Spatial laser beam profiling at focus is an essential part of quantitatively characterizing the shaped laser beam. We will
discuss new methods that can profile almost any laser at almost any power level.
Electronic laser beam profiling is now a widely accepted method to measure the mode quality and spatial profile of a
laser beam. For the most part, profiling has been limited to the unfocused or 'raw' beam, because the energy density or
irradiance in the vicinity of focus is high enough to destroy almost any measurement device. Recent developments in
measuring technology now enable users to make beam profiling measurements at and near the focus of many lasers. We
discuss two new designs and show examples of how they function.
Evaluating the success of beam shaping techniques requires the measurement of the resulting beam profile. Laser beam profilers have been used extensively throughout the laser industry to enable users to evaluate the "quality" of their laser beam. Profilers have made many strides in recent technology, including new cameras, new beam sampling optics, new calculation algorithms, and new profile displays. New cameras include high resolution, megapixel arrays, digital CCDs, FireWire cameras, and phosphor coated CCDs for extending near IR response. Improved beam sampling optics includes components for eliminating polarization effects and optics for sampling high power multi-kilowatt YAG and CO2 lasers. In recent years ISO has refined calculation definitions for measurement of beam width, divergence, flattop beams, and many others, thus standardizing laser profile characterization. Beam profile displays in both 2D and 3D have been improved to provide more intuitive insight.
For the past 28 years, the Laser Hardened Materials Evaluation Laboratory (LHMEL) at the Wright-Patterson Air Force Base, OH, has worked with CO2 lasers capable of producing continuous energy up to 150 kW. These lasers are used in a number of advanced materials processing applications that require accurate spatial energy measurements of the laser. Conventional non-electronic methods are not satisfactory for determining the spatial energy profile. This paper describes continuing efforts in qualifying the new method in which a continuous, real-time electronic spatial energy profile can be obtained for very high power, (VHP) CO2 lasers.
Direct spatial profiling of high power near IR lasers can be extremely useful in determining the applicability of these lasers in materials processing. Because of the construction of these lasers, direct imaging in real time has been nearly impossible due to the high energy density at the focus. It is not possible to image a raw beam, because there is no raw beam in the conventional sense. We discuss the construction of a new imaging target that allows direct spatial imaging at the focus of these lasers, and give examples of its applicability.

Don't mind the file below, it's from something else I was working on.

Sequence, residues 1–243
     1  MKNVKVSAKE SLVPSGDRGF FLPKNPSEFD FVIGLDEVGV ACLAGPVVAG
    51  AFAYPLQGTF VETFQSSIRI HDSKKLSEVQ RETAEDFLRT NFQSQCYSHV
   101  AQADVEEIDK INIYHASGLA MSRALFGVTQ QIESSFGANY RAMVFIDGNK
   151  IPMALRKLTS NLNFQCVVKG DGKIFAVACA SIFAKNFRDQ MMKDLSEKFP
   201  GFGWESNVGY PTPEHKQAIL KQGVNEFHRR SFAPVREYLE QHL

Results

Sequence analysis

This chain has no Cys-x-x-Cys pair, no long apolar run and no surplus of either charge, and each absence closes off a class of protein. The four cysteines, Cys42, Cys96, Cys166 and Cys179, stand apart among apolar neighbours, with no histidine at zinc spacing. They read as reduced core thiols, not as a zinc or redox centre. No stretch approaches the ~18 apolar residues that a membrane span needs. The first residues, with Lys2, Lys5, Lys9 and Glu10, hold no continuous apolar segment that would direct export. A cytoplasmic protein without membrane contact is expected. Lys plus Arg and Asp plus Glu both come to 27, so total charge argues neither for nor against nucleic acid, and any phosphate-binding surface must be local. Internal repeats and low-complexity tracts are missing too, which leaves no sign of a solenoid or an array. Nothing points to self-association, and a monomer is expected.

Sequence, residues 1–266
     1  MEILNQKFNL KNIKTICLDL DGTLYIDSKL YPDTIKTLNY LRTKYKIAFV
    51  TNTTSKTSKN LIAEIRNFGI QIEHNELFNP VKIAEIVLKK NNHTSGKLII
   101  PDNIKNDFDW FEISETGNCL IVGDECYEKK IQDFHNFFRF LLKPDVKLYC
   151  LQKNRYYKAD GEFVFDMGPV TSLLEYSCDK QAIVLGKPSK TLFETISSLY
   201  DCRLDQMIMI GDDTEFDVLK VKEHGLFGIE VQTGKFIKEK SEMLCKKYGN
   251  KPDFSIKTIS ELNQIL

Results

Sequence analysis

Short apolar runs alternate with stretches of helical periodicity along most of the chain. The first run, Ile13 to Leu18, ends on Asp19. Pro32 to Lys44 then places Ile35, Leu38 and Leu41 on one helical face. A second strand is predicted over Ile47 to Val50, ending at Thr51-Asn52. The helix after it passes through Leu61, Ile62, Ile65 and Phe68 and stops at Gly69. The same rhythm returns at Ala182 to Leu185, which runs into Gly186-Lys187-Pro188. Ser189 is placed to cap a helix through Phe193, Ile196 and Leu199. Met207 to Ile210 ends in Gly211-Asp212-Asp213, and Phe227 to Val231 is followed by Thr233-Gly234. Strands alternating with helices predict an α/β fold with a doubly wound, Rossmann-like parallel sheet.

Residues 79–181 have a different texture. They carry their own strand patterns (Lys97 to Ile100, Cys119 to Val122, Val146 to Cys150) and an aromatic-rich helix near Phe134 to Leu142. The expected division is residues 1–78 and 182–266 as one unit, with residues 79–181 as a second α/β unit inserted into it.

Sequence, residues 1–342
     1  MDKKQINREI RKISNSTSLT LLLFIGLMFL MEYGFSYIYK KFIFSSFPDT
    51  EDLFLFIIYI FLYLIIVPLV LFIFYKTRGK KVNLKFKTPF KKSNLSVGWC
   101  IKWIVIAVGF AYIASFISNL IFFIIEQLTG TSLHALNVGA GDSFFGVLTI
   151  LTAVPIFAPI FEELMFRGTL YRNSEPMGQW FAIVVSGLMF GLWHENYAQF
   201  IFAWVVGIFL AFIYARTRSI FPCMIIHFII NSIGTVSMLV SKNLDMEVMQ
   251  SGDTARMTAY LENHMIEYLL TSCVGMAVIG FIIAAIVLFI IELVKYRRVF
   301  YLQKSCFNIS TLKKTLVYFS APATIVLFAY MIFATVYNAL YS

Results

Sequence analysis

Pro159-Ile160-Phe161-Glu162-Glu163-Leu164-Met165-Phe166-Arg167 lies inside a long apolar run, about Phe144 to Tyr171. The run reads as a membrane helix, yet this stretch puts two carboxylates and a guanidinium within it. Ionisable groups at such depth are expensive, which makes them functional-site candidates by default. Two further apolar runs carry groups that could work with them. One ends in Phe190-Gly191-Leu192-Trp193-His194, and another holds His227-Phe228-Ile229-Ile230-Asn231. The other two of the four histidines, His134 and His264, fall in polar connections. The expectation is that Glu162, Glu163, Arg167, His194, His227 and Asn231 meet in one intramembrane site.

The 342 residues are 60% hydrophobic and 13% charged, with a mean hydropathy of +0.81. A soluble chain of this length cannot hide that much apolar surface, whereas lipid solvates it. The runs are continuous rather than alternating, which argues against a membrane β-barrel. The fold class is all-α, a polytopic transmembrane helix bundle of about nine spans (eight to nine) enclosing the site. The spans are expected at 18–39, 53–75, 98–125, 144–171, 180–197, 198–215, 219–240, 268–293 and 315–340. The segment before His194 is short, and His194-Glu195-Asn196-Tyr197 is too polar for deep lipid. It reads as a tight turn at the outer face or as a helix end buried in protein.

For the past 28 years, the Laser Hardened Materials Evaluation Laboratory (LHMEL) at the Wright-Patterson Air Force Base, OH, has worked with CO2 lasers capable of producing continuous energy up to 150 kW. These lasers are used in a number of advanced materials processing applications that require accurate spatial energy measurements of the laser. Conventional non-electronic methods are not satisfactory for determining the spatial energy profile. This paper describes a new method in which a continuous, real-time electronic spatial energy profile can be obtained for very high power, (VHP) CO2 lasers.
The increased use of high power Semiconductor lasers for industrial applications has created a demand for accurate, detailed beam profiling devices. Current technology, however, limits the use of conventional beam profiling instruments to about 1.5 kW. We will discuss a novel method of profiling high power YAG (1064 nm) industrial lasers up to 4kW in average power and 30 mm in raw beam diameter, using a camera-based, computer operated beam-profiling device. The new instrument is portable and employs conventional optics to attenuate and reduce the raw beam, and is designed to be used in an industrial environment.
Continuous monitoring of high power (above 2 kW) CO2 laser beams with camera based systems has not been effective because beam sampling optics have not been available. Camera based systems allow real-time imaging of the entire beam profile which in turn enables real-time tuning and alignment of the laser, as well as enabling instantaneous recognition of beam misalignment in the optical delivery train. Spiricon and II-VI have jointly developed a new method
for in-line, passive sampling and beam profiling of high power, multi-kilowatt CO2 lasers. The system uses conventional optics in a novel sampling arrangement, coupled to a Spiricon Pyroelectric IR Camera and Laser Beam Analysis
Industrial Lasers must have high reliability and repeatability so that the process for which they are to be used is profitable and successful. Current methodology for measuring the performance of high power industrial lasers is incapable of real time data. We describe two new instruments; a new on-line, in-line laser beam performance monitoring system that not only calculates M2 and divergence angle, but also provides real time beam profiling, and an at-line beam profiling system that can calculate beam widths and many other critical parameters in real time. The information obtained from these measurements allows the operator to monitor beam performance in real time, speed tuning and adjustment. more accurately predict maintenance intervals and aid in troubleshooting malfunctions. Actual examples of different lasers will show the value of these systems.